I never liked the term, “friendly letter.” When I was in elementary school, we reviewed the parts of a letter EVERY YEAR for like six years straight and then wrote pointless “friendly letters” that went nowhere. Huge snore. I disliked letter writing as a student, and I avoided letter writing activities for a long time as a teacher. Well, times change. I spend a lot of time on letter writing with my students now and here is why.
- Students have a hard time addressing an envelope (and I teach 4th grade where they have been doing the friendly letter drill for awhile). They are unsure about how to organize the three address lines, don’t know state abbreviations, and have trouble capitalizing correctly. When I ask students to address an envelope, they get to practice these skills. They are reminded how to write a complete name with a title (like Mrs. or Mr. or Dr.). They practice writing street abbreviations as part of the name of the street with capital letters (Center St. or Liberty Blvd.). They review state abbreviations and reinforce the comma between a city and a state.
- If students add a return address to the envelope, they get a little extra work remembering their own address too.
- So I am not necessarily referring to anyone I know, but for those of us who become slightly unbalanced when the address lines are all uneven on the envelope, slide a lined index card inside the envelope with the lines facing up. If the envelope is sheer enough (like a basic business envelope), you can see the guidelines when you press down to write. Your address lines will be straight and even making
mythe world a happy place.
- We usually type our letters, but I am a fan of handwritten letters too. Either way, students learn to format a letter in a logical order. There is contact information at the top, a date, and a proper salutation. Even if our students in future years are handling all communication with employers, co-workers, or clients electronically, they will still need documents formatted in an order that is easy to read. This is just a good lifeskill.
- If students know they will get tangible results from a project they complete, they are more likely to engage at a higher level. I have students write letters to people who reply (most of the time). In order to get a reply, my students have to communicate effectively in their letters and then address and mail it correctly. A formal letter requires full sentences, organized ideas, and a beginning, middle, and end. When we do receive a letter back, students gain experience with cause and effect– they wrote a letter asking for or providing information and received a reply responding to the content in the original letter.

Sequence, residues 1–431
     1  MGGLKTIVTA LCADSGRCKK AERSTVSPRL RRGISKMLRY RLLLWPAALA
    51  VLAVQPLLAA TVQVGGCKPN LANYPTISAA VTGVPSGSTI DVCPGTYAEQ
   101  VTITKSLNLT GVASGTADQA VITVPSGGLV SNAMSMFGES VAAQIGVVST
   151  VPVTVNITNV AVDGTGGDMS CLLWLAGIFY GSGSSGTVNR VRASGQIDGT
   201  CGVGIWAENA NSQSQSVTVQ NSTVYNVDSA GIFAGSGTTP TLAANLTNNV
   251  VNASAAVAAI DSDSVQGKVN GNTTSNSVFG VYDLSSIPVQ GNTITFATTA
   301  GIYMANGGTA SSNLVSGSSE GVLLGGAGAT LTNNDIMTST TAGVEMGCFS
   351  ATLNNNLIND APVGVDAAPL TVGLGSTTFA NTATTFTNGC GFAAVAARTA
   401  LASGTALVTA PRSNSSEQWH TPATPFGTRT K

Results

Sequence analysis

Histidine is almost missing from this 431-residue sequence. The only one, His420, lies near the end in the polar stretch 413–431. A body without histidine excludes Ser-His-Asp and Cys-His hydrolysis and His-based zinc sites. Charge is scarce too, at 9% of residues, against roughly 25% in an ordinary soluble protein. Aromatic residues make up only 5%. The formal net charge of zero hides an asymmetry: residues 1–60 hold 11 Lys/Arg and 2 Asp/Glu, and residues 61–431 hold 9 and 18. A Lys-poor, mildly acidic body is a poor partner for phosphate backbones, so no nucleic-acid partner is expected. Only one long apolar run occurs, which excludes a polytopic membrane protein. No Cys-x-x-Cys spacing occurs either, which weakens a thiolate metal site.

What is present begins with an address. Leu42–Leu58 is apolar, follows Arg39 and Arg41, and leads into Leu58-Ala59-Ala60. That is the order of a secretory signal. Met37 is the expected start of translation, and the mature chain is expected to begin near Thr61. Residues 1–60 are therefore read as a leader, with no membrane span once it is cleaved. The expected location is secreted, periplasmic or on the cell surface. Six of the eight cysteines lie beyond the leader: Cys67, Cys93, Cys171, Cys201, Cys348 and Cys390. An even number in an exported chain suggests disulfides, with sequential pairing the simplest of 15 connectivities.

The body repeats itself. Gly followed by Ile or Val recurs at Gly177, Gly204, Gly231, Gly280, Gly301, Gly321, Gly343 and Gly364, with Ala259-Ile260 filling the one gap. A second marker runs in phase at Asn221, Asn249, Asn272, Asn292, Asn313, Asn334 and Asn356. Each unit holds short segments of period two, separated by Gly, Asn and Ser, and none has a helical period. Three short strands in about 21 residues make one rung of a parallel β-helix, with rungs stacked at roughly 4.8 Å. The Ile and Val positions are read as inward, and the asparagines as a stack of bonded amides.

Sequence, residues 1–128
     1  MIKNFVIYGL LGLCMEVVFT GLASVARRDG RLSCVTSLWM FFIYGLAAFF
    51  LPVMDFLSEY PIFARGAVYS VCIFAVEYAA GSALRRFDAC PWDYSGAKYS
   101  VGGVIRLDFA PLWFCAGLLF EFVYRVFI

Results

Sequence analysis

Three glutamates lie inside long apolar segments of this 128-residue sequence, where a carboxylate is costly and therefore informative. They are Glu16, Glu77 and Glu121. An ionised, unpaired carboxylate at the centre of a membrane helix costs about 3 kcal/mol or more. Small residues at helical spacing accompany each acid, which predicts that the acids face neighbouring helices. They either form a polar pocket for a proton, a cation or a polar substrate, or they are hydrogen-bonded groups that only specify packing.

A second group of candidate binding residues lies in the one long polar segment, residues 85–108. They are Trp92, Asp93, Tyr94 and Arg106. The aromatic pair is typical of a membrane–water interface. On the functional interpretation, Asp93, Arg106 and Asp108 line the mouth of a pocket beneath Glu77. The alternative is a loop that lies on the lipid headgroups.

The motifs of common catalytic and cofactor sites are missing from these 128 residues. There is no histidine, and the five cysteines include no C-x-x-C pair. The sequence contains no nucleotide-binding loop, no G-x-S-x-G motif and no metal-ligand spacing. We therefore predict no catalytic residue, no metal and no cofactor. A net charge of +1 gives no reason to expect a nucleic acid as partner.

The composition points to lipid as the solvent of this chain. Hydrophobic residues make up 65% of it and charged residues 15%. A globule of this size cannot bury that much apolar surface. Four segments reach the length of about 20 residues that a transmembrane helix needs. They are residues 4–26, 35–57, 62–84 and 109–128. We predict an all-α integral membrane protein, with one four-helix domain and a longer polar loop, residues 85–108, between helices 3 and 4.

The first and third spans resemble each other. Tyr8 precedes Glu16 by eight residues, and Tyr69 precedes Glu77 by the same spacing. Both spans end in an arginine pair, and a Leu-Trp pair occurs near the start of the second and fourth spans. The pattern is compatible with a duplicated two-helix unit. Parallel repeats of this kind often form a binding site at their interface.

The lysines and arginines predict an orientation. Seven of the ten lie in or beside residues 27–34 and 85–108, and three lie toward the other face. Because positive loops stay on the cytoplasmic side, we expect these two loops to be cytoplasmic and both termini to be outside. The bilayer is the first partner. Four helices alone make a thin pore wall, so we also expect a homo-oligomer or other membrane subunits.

Here are a few letter writing activity suggestions.
They are ideas that work at home as well as the classroom.
- One of my favorite types of letters are thank you notes. The format of this letter does not have to be a full fancy business format. Casual is definitely acceptable. One benefit (among many) of the thank you note is that it requires children to reflect on something nice that has been done for them and then specifically recognize in written words why they appreciate the nice thing. I have a rating system for thank you notes on the post here.
- An ongoing activity in my room is an author letter project. Students search contact information for a favorite author. The contact information could be an e-mail address, mailing address, or a publisher address. The students prepare a letter that details why they enjoyed a specific book by the author and gives reasons the book may have had an impact on the student. About half the time, we receive personal replies from the authors. You would not believe how an author reply can motivate a student to read! For more author letter tips, click here.
- This year, students researched a state and contacted an alum from our school to ask for more information about the state and the history of our school. Again, we had about a 50% return rate. The men and women who wrote back to our students included many stories about their life at school when they were in the 4th grade. The connection to the history of the school made a much bigger impact than the rest of the state research project. I could not have replicated that by sharing something from a history textbook. The students made a personal connection with the alum. I liked that the students participated in an activity that stretched well beyond the classroom, and they created a link that was outside their everyday world. Write to a relatives or friends who live in a different town. Ask about how their life might be different from your own. It is a great way to discover old family stories or compare differences in cities, states, and regions. (Visit my teacher store to purchase the State Postcard Project).